Experts call for water technology innovation as GCC braces for dry weather conditions
With the UAE’s high rate of water consumption, population growth, and increasing demand for irrigation water comes a great need for innovation in water technology to conserve resources, enhance water production, and manage demand, experts have urged ahead of the upcoming International Water Summit (IWS).
“The average water consumption in the UAE exceeds 350 liters per capita per day and is much higher than other developed countries. The country’s population has grown 7-fold between 1974 and 2008, and at the same time the agricultural land in the country has grown12-fold. The combination of these factors makes it crucial that we continue developing advanced technologies that will enable us to meet our growing water needs,” said Dr. Taha Ouarda, Head of the Institute for Water and Environment (iWater) and Professor of Water and Environmental Engineering at Masdar Institute.
Dr. Ouarda was speaking ahead of his presentation at IWS, which is hosted by Masdar and part of Abu Dhabi Sustainability Week.
Explaining the hydro-climatic relationship between water and climate, Dr. Ouarda said that the UAE climate is affected by a number of climate oscillation indices – changes in climatic systems. This results in high climatic variability, with some years characterized by high temperatures and minimal precipitation, which in turn has a significant implication on water supply.
“Higher temperatures result in increased evaporation from the Gulf and therefore increased water salinity, which then leads to less efficient performance of desalination plants, since more energy will be required to produce the same amount of water,” Dr. Ouarda said.
“Meanwhile, less rain translates into the availability of less fresh water reserves in our reservoirs (the UAE has more than 130 dams), and hence less groundwater recharge. So in terms of the overall water supply chain in the Gulf, everything gets affected,” he added.
Temperatures are expected to increase worldwide and in this region, with precipitation levels being highly affected by climate oscillations and reaching severe lows for some years. And with groundwater serving more than 50 percent of water needs in the UAE, preserving natural water reserves during these challenging climate conditions is becoming a growing priority.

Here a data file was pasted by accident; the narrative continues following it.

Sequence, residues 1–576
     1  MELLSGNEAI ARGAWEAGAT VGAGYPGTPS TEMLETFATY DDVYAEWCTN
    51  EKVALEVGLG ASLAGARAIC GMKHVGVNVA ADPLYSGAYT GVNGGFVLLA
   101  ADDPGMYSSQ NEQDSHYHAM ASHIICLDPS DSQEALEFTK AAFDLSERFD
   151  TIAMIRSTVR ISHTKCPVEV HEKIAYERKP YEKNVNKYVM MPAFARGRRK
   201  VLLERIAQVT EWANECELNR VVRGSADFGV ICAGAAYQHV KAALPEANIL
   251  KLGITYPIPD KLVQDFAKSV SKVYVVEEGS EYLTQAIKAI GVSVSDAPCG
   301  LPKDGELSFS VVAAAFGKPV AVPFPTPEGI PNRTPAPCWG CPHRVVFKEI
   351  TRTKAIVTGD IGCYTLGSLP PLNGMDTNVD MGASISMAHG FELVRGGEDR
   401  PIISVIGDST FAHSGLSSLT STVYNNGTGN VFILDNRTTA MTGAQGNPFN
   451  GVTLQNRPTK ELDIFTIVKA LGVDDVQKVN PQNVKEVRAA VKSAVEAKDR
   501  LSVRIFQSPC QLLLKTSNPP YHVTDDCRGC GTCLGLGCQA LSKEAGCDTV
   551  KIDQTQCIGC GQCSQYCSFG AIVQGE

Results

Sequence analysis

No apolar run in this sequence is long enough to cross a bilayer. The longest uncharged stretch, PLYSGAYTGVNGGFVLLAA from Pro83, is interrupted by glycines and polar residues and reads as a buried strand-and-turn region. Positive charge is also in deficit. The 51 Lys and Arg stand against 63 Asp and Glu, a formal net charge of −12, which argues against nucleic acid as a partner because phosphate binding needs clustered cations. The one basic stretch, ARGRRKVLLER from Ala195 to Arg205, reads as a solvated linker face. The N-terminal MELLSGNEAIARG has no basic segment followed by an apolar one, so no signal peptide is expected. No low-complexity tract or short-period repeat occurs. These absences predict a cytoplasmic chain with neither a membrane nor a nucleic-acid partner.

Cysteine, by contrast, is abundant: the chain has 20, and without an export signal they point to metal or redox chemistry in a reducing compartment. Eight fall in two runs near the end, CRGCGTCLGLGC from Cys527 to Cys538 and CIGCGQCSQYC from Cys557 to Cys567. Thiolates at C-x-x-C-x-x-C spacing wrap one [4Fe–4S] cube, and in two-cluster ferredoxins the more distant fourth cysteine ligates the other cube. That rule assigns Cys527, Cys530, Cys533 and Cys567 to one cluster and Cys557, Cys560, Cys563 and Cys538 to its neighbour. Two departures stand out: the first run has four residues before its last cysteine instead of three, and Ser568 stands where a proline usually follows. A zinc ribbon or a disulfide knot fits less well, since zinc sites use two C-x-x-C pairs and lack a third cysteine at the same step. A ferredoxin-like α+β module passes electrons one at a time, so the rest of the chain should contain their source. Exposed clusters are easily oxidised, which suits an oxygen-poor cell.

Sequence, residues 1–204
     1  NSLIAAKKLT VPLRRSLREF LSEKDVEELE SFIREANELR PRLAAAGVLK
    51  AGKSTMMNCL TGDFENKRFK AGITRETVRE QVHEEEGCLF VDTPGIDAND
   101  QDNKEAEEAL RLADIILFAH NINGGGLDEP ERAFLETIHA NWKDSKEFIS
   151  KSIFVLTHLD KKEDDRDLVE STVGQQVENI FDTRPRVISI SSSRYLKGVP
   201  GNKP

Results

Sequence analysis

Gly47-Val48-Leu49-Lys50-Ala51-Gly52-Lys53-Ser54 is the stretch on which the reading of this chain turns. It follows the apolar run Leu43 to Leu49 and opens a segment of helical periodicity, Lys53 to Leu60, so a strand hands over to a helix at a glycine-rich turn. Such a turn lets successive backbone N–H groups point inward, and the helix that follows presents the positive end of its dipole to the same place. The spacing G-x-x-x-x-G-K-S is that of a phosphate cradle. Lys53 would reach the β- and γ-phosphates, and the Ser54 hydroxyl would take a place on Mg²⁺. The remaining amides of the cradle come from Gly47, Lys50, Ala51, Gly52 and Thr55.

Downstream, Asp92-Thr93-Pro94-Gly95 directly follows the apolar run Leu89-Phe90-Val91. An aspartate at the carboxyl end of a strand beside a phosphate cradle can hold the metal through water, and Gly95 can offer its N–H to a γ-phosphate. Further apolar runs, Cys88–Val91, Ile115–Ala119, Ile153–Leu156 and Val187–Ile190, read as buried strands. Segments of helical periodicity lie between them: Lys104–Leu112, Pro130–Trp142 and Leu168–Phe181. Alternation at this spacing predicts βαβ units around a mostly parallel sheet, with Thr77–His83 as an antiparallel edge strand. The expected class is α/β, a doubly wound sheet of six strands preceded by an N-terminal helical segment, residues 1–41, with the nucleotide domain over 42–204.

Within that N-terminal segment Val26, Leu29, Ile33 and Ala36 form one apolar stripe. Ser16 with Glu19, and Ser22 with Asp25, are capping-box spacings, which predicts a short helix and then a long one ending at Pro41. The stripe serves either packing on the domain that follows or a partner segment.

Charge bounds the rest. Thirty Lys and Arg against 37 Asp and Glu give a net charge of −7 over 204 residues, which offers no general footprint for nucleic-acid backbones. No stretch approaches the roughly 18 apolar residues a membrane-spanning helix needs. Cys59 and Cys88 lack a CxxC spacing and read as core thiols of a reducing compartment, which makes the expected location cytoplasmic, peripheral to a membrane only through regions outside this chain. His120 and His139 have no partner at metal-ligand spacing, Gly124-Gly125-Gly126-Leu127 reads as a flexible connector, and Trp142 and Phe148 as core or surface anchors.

Dr. Ouarda explained that what the region is currently witnessing is not climate change, but climate variability – the first indicates permanency, while the latter is temporary. The record low rainfalls observed in the year 2000 were, for instance, associated with the change of phase in a number of climate oscillation indices.
“We now know that what we are experiencing is a natural climate variation in which some years are cooler and others are warmer. Understanding the intricacies of these climate variables, from how much rain we are getting to changes in temperature, is critical to determining how water supply and demand is going to evolve over the coming years,” Dr. Ouarda said.
Although the numbers fluctuate year-on-year, it is estimated that groundwater provides about half of the UAE’s water demand, desalinated water supplies provide 37 percent, reclaimed water provides 12 percent and freshwater the remaining 1 percent.
Hydro-climatic modelling, in which the application of various techniques is used to estimate the fluctuating resources and optimize water management in response to changing climate conditions, plays a pivotal role in achieving water sustainability, says Dr. Ouarda.
One area where this is a strong need for greater efficiency in water use is the agricultural sector, which accounts for 34 percent of water consumed in the country. The remaining balance is distributed between domestic and industrial use (32%), forestry (15%), and amenities (11%). Losses account for around 8%.
“We need to look at how water is being used for agriculture – for example, enhancing irrigation so that it is more efficient, studying various species of plants that require less water intake, and improving the use of reclaimed water in irrigation and other sectors,” Dr. Ouarda said.
Optimizing water production and use, managing floods in times of extreme weather conditions, and understanding the impact of climate change on water resources in the region are among the topics Dr. Ouarda will be covering during his presentation at IWS on January 21.
“We are very lucky to be in a country with a prospering economy, but with that comes population and industrial growth, and therefore an increased demand for natural resources, such as water. However, I am confident that with our leadership’s vision and technological prowess, we will forge a sustainable future for the UAE,” Dr. Ouarda concluded.
IWS, hosted by Masdar and held in strategic partnership with the Abu Dhabi Water and Electricity Authority, takes place from 18-21 January at the Abu Dhabi National Exhibition Center and brings together world leaders, field experts, academia luminaries, and business innovators to accelerate the development of new sustainable strategies and technologies.
Masdar is a global leader in renewable energy and sustainable urban development. Over the last decade, we have pioneered commercially viable solutions in clean energy, sustainable real estate and clean technology in the UAE and around the world.
Headquartered in Abu Dhabi, we develop renewable energy projects, realise low-carbon urban development, while advancing clean-tech innovation. We also deliver world-class knowledge and industry platforms.
At Masdar, we are supporting the UAE’s transition towards a knowledge-based economy. We aim to be a model for the commercial adoption of clean technologies, and a showcase of the UAE’s wider commitment to sustainability.
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